• Kyodo

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Seven Japanese development aid workers and engineers were among those killed in Friday’s terrorist attack at an upscale restaurant in Bangladesh, people who wanted to contribute to the development of the South Asian country.

The seven killed and the sole Japanese survivor, who was rescued when police stormed the restaurant, were in Bangladesh as consultants on a project for the Japan International Cooperation Agency, a government agency that implements projects in developing countries financed with Japanese aid.

Of the seven Japanese confirmed to have been killed in the attack, two were women. Yuko Sakai, 42, and Rui Shimodaira, 27, who both worked for the Tokyo-based construction consulting company Almec Corp., were passionate about their work, chosen for the opportunity it provided to help make a difference internationally, according to people who knew them.

“What must (we) really invest in to protect human life and assets?” Sakai, who traveled overseas frequently for work, wrote in an essay published in the company’s in-house online magazine. Sakai had previously spent two years from 2001 working in Morocco as part of the Japan Overseas Cooperation Volunteers, helping to develop that country’s tourism infrastructure.

University of Tsukuba professor Masaki Fujikawa, a former teacher, says Sakai wanted to work abroad and joined Almec after graduation in the hope of using her knowledge in urban planning.

Shimodaira also had been active in volunteering for international nongovernmental organization activities since her school days, and at one point served as an intern at the U.N. Development Program, friends said.

Shimodaira also helped clear debris in the aftermath of the March 2011 earthquake and tsunami that devastated parts of the Tohoku region.

“She was working hard for developing countries … I am really shocked,” a 28-year-old acquaintance said.

According to one friend, Shimodaira began researching slums in Thailand after starting a graduate program at the Tokyo Institute of Technology, and for roughly a year from 2012, she studied at a university in Thailand.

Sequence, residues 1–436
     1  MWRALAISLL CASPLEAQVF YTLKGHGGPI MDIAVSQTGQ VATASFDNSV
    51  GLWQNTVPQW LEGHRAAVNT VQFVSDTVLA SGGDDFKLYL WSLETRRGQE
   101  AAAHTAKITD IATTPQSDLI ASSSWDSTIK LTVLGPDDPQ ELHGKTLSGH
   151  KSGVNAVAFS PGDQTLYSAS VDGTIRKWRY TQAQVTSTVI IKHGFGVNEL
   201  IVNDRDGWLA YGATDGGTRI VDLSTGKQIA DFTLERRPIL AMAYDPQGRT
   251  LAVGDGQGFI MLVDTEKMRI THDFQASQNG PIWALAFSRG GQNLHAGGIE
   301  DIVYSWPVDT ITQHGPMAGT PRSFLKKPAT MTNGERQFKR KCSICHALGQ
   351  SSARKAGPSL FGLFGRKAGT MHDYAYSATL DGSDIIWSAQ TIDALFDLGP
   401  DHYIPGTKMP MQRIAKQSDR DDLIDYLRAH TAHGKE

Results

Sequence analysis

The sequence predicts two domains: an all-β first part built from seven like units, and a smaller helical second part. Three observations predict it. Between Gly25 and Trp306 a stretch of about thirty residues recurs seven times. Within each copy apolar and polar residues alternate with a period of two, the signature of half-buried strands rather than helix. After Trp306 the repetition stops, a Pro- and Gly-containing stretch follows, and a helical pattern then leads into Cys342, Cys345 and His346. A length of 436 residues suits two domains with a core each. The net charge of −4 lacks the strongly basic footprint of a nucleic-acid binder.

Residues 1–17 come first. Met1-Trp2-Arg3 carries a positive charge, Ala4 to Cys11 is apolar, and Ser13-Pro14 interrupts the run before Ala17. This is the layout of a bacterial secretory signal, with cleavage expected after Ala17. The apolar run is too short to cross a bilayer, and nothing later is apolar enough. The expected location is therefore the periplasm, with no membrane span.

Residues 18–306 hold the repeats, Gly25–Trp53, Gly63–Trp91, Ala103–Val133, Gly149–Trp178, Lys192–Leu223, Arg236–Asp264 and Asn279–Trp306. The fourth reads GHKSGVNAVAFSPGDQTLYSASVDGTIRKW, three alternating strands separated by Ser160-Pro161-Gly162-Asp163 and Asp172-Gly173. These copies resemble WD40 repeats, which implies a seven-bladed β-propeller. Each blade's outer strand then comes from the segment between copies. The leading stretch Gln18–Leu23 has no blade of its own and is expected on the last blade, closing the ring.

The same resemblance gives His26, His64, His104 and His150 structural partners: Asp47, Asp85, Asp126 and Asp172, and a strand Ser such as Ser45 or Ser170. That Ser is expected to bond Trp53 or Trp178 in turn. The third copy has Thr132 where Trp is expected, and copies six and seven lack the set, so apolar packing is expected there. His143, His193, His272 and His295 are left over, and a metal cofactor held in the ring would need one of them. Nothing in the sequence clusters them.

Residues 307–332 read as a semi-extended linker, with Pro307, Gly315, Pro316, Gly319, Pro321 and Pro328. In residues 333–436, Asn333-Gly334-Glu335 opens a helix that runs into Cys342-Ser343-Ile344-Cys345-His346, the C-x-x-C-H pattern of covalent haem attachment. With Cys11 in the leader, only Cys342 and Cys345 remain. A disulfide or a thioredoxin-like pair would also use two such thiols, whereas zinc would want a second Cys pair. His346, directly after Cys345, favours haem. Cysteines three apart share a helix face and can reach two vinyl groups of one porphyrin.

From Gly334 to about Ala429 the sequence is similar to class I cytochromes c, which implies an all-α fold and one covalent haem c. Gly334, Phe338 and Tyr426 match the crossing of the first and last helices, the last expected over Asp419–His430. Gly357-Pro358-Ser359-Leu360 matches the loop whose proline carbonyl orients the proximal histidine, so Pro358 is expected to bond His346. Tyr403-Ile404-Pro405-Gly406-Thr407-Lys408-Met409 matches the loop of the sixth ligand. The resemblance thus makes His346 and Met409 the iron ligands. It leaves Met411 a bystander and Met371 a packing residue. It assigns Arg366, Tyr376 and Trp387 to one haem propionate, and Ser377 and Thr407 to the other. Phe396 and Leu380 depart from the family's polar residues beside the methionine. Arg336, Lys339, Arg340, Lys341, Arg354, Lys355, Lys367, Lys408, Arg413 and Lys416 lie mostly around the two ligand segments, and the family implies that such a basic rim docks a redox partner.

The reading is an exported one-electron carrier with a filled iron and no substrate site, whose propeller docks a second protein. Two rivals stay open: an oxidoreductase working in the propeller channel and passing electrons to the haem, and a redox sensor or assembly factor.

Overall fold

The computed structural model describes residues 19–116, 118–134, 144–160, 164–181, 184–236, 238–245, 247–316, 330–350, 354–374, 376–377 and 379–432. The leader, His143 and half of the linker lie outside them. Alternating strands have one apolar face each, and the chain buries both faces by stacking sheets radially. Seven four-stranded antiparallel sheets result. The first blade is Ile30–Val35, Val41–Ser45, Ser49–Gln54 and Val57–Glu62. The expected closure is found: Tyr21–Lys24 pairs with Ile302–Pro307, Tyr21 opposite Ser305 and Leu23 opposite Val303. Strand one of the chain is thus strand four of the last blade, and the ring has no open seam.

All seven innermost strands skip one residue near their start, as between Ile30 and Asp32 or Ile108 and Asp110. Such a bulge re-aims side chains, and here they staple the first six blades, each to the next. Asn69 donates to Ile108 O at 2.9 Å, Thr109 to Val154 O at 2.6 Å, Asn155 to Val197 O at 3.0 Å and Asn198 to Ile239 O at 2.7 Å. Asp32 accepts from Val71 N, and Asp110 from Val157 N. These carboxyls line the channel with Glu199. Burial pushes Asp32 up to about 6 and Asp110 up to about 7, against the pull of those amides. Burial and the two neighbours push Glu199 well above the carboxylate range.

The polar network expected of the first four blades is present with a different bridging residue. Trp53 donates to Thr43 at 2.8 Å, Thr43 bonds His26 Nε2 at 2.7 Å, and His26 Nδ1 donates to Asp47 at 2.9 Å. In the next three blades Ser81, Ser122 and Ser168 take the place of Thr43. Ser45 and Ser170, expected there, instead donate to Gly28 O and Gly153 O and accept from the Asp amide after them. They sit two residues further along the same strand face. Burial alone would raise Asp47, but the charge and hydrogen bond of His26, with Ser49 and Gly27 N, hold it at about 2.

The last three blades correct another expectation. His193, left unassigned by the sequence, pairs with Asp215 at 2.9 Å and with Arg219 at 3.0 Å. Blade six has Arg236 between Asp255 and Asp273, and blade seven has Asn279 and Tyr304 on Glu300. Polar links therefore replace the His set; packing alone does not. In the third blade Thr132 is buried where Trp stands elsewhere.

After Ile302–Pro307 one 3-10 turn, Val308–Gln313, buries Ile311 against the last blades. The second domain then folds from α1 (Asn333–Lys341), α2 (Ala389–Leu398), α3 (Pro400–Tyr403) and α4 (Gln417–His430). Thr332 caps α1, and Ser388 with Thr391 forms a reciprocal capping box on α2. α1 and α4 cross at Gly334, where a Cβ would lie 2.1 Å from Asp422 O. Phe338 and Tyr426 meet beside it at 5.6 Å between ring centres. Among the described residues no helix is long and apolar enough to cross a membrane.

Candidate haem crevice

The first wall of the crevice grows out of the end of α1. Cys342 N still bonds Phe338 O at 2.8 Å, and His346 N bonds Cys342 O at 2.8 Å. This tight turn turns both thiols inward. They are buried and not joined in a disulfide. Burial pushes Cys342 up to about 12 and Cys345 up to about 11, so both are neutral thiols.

Friday’s attack cut short not just Shimodaira’s life, but her dream of playing an active role in international development.

Makoto Okamura, 32, another Almec employee, was a transport system expert who had worked on other JICA projects in Turkey, Indonesia and Thailand as well as in Bangladesh where he had many acquaintances, the aid agency said.

Okamura, who got involved in JICA-linked projects at Almec after graduating from a graduate school of Nihon University, is said to have been interested in urban planning since junior high school.

Okamura was planning to get married, according to his father, Komakichi.

Another victim, Koyo Ogasawara of Tokyo-based construction consulting firm Katahira & Engineers International, was a veteran valued by his company as someone who had the “qualities of a leader.”

Having taken part in many JICA projects as an environmental impact assessment expert, the 56-year-old was well liked and respected by his juniors, whom he took good care of, people from his firm said. His projects focused on Asian countries such as Vietnam and the Philippines.

Ogasawara flew to Bangladesh on June 20 and was set to return home on Tuesday, according to the company.

The three other fatalities — Hiroshi Tanaka, 80, Nobuhiro Kurosaki, 48, and Hideki Hashimoto, 65 — worked for the Tokyo-based consulting firm Oriental Consultants Global Co.

Tanaka’s 72-year-old brother, Takashi, said Hiroshi was trying to share his knowledge of railway technology with people in Bangladesh.

Having worked as an engineer for a railway technology research institute under the now-defunct Japanese National Railways, Tanaka afterward engaged in urban development consulting work. He was in Dhaka as part of a JICA project to study traffic congestion in the capital.

A former colleague of Kurosaki said he was an engineer involved in the structural design of roads and railway tracks, and took part in projects involving bridges and underground tunnels.

In an online post, Kurosaki had written that there is potentially strong demand for subways overseas, and expressed a desire to share his expertise and be involved in at least one such project abroad every year.

About his work Kurosaki once said, “Hardships come with the territory, but that is why it is better to have fun and work with a smile on your face.”

Tamaoki Watanabe, an Almec employee in his 40s, was among the 13 people rescued in a police operation. He suffered gunshot wounds but his injuries are not life-threatening. He had left Japan in late June.

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